By definition, a stereotype is a widely held, but fixed and oversimplified, image or idea of a particular type of person or thing. Although in some cases substance abuse stereotypes
may carry some truth, they are more often than not prejudice, false, and extremely hurtful to those being stereotyped.
What can we do about the negative impact of these stereotypes?
Unfortunately, the negative connotations surrounding these stereotypes may also cause many addicts to feel embarrassed, ashamed and unable to seek help without judgement. Therefore, it’s our job as a society to disarm and disassemble these destructive stereotypes, by educating ourselves on the true causes and issues behind substance abuse.
Addicts are uneducated, poor or homeless
This stereotype is hugely common, and of course entirely untrue. While it may be true that in some cases poverty and no access to education may lead to or fuel substance abuse, some drug addicts and alcoholics are highly educated, wealthy individuals.
Of course your immediate living environment can directly influence your habits, but addiction can happen to people from all walks of life.
Addicts always look dirty or unhealthy
People may think of drug addicts and alcoholics as unhygienic or physically unwell. The truth, however, is that many people with substance abuse issues either cover up physical symptoms and signs, or manage these symptoms on a “functioning” level.
This means that even a person who showers every day or looks physically fine, may still be battling with substance abuse or addiction.
Addicts are to blame for their substance abuse or addiction
Unfortunately, many people tend to show a lack of sympathy for those who have substance abuse or problems surrounding addiction. It’s not uncommon for others to feel like they are to blame, or that they are choosing to be the way they are.
In reality, certain people are more likely to develop addictions to substances than others, and it has nothing to do with them choosing to be that way.
In addition, habits are extremely hard to break. Others may feel stuck and not know how to get out, while others might just not know any differently or feel that they have no other choice.
Alcohol and drugs can also have extreme negative effects on a person’s mental health, especially when they abuse substances.
Unfortunately, those suffering with substance abuse often also experience depression and anxiety, which may cause them to get sucked into a cycle of further substance abuse, as well as avoid seeking help.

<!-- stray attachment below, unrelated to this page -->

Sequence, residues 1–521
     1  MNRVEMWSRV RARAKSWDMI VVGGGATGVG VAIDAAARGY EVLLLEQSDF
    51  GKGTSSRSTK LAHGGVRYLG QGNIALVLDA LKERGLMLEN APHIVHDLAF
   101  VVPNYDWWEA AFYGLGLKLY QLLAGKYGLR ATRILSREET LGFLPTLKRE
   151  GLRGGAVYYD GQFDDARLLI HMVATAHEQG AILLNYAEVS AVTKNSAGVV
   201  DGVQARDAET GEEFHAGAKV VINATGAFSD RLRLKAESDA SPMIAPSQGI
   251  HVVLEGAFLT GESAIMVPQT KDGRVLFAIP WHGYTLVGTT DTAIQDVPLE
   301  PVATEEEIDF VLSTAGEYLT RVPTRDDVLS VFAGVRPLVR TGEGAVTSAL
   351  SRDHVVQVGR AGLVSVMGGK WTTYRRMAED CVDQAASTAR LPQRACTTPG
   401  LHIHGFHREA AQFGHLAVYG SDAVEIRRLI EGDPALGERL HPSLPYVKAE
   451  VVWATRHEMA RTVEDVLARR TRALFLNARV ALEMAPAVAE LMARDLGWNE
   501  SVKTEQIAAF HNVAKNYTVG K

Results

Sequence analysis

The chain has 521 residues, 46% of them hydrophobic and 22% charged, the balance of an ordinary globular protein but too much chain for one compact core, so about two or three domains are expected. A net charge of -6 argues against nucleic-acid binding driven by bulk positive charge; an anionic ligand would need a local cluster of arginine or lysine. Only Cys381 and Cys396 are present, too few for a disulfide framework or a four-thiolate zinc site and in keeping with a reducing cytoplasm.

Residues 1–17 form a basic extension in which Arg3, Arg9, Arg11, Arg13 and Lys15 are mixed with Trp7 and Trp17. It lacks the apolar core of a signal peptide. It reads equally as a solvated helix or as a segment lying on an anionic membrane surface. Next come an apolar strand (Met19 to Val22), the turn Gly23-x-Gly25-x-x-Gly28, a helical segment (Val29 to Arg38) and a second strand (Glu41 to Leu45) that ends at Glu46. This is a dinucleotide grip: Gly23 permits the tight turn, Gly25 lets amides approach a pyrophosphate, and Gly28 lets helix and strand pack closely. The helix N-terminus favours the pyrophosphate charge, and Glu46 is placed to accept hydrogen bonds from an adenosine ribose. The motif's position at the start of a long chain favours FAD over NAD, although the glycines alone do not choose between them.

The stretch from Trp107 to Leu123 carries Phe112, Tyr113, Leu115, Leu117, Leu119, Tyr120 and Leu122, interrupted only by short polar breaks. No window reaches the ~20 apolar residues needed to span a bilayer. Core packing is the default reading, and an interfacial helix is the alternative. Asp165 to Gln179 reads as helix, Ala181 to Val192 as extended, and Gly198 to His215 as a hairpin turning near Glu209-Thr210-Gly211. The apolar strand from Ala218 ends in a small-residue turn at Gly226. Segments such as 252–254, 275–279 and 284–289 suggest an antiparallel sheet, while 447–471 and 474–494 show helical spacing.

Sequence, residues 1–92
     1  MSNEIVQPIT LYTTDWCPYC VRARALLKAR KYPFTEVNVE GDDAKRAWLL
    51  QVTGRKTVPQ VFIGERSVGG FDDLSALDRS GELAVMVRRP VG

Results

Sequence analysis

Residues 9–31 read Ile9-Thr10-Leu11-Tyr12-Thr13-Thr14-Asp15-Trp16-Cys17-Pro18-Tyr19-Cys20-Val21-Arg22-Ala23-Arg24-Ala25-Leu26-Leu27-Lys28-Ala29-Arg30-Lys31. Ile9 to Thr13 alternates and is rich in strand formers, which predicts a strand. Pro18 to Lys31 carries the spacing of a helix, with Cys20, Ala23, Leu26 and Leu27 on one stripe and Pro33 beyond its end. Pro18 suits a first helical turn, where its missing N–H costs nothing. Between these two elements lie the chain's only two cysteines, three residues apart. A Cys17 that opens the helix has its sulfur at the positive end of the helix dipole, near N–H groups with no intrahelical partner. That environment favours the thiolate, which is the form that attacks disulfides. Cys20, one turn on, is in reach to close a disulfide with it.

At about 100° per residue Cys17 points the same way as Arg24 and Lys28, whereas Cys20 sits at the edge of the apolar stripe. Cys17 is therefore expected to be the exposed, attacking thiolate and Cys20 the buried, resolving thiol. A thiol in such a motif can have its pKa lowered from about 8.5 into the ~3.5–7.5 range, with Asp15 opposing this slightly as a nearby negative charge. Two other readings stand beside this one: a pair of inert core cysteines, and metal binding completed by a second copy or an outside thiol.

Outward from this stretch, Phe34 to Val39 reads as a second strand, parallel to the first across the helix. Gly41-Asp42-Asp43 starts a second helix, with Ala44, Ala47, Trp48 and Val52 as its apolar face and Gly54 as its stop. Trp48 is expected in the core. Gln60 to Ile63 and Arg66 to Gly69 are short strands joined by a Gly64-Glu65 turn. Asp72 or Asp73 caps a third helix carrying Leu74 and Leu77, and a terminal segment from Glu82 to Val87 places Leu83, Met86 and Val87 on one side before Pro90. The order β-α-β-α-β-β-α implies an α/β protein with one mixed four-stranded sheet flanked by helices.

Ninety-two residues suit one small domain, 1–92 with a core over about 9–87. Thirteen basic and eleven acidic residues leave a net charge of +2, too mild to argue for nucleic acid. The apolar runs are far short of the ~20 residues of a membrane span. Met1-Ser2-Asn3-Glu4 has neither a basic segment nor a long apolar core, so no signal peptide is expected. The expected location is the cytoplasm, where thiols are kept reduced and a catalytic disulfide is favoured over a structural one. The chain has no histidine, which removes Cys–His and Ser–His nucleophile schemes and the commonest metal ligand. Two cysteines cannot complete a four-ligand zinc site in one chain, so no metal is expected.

Addicts are dangerous
In some cases, alcohol and drug abuse can lead to acts of anger and violence, causing physical and emotional harm on the abuser and those around them. However, what these substances actually do is that they enhance a person’s emotions – not only the angry ones, but other ones, too.
In other words, just because a person doesn’t get angry or become physically abusive, does not mean that they aren’t drunk or on drugs. In fact, some people who abuse substances like alcohol or drugs can also come across as overly affectionate.
Often, those who switch to being overly affectionate rather than violent tend to be judged less by others, and may even take longer to be called out to seek help.
Addicts don’t care about themselves or others
Many addicts truly want to change, but they often just don’t know how. Addiction can also come about as a trauma response, or used as a numbing agent to cope with the sadness or reality of one’s situation or life.
It’s important to give everyone the benefit of the doubt – addict or not. However, it’s equally important to know when to step back and seek out professional help. This is imperative, as substance abuse can intermittently change a person’s personality and priorities, regardless of whether they care about themselves or others.
Does a person have to meet all of the above stereotypes to be considered an addict?
As you can see, addicts or substance abusers often don’t fit into the common stereotypes surrounding them. Addiction and substance abuse can happen to anyone, anywhere, anytime.
Moreover, people don’t have to use alcohol or drugs every single day to have substance abuse issues or experience addiction. When a person feels an extreme need to drink or do drugs, no matter how often, it can be a cause of concern.
This is especially true when they over-indulge until they reach a point where they are no longer able to act in a collected or conscious state, or use substances as a way to numb their thoughts and feelings.
You have to fit a stereotypical mould to be allowed to seek help
Addiction and substance abuse is a condition that is treatable, and you do not have to feel like you need to fit a certain mould to be allowed to seek help.
Sometimes, things simply get too tough to do on our own – no matter how hard we try. The right people will never judge you unfairly, but rather help you to find your way back to the happiness and life you deserve.
Get in touch with us
If you have any additional questions on addiction, would like to speak to one of our team members, or want to hear more about the admissions process, feel free to make contact with us at any time. We look forward to helping you and your loved ones